With the uncertainty whether the state will continue to fund education at its current levels, a $1-million plus increase in “fixed costs,” a state law stipulating that towns keep total budget increases under 2.5 percent and $1.6 million in administrator requests, educators said it was an especially difficult budget process.
“This has been one of the most challenging budgets I’ve put together in my 10 and a half years in Canton,” Case said.
Among the cuts in the proposed budget would be the reduction of 12 full-time equivalent positions in non-certified staff. Case said specific positions have yet to be determined but those would include positions such as paraprofessionals and tutors.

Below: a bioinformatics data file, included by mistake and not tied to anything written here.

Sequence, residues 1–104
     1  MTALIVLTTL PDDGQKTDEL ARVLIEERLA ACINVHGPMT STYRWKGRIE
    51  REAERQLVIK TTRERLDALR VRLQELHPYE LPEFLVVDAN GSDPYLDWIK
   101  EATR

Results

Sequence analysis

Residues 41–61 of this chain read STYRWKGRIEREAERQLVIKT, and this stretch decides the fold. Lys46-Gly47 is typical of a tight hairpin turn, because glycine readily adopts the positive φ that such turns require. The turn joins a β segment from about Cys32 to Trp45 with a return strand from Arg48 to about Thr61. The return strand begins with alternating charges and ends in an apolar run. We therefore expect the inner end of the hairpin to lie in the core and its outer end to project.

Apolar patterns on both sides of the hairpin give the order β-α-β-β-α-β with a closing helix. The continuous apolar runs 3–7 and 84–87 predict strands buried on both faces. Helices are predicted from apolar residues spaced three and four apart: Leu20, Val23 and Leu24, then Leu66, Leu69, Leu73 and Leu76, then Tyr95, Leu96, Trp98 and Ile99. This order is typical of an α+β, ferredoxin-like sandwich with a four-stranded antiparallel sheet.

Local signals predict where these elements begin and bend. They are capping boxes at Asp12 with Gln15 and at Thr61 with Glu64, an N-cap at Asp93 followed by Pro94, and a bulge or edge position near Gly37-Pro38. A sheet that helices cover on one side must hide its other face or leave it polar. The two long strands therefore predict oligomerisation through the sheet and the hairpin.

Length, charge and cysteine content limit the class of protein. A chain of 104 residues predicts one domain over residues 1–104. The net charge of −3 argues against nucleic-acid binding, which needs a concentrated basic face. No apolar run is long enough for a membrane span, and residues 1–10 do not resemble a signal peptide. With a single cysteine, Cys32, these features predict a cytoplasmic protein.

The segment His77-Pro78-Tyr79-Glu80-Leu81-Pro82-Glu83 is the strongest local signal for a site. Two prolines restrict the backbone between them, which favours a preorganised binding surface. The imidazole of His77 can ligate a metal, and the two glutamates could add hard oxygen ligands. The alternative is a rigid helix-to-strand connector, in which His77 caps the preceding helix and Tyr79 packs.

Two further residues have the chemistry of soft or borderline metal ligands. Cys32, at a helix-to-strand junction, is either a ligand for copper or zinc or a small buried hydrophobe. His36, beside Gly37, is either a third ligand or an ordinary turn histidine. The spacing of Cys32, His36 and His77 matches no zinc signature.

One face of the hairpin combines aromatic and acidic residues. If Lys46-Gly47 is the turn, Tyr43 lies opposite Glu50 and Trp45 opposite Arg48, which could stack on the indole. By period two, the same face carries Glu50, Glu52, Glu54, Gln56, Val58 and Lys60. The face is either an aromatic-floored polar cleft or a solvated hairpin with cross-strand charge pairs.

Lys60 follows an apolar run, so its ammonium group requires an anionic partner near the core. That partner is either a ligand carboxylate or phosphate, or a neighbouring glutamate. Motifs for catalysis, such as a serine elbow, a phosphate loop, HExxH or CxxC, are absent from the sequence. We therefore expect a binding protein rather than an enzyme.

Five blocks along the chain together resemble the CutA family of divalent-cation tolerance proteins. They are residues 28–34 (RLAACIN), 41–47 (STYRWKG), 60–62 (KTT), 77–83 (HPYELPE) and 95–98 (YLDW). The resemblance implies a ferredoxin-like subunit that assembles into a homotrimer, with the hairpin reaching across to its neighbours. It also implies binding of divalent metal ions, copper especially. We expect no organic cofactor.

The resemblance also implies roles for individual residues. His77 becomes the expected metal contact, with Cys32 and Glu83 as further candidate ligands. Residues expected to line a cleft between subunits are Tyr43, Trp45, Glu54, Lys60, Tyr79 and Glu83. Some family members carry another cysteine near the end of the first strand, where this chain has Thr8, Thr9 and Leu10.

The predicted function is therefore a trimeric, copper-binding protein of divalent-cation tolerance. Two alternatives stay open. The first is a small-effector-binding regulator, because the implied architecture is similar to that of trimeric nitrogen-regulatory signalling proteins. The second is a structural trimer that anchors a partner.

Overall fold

“It’s a hard decision because we are not over-staffed by any means,” Case said. “These are valuable staff members – very, very difficult decision for me.”
Case added that he hopes, that through attrition, to avoid – or at the very least minimize – layoffs.
Other savings were found through grants, open choice funding and some savings in this year’s capital improvement funding dollars.
The budget does include a few new positions such as an additional kindergarten teacher, a .2 full-time high school world language teacher due to increasing Spanish class sizes and a .25 percent capstone coordinator to oversee senior project initiatives.
The board will host a public hearing on the spending plan at 7 p.m. on Feb. 22. More details will be forthcoming.
The district will post further information to its website. Additionally, more information, including a timeline of budget dates, will be included in next week’s edition of The Valley Press.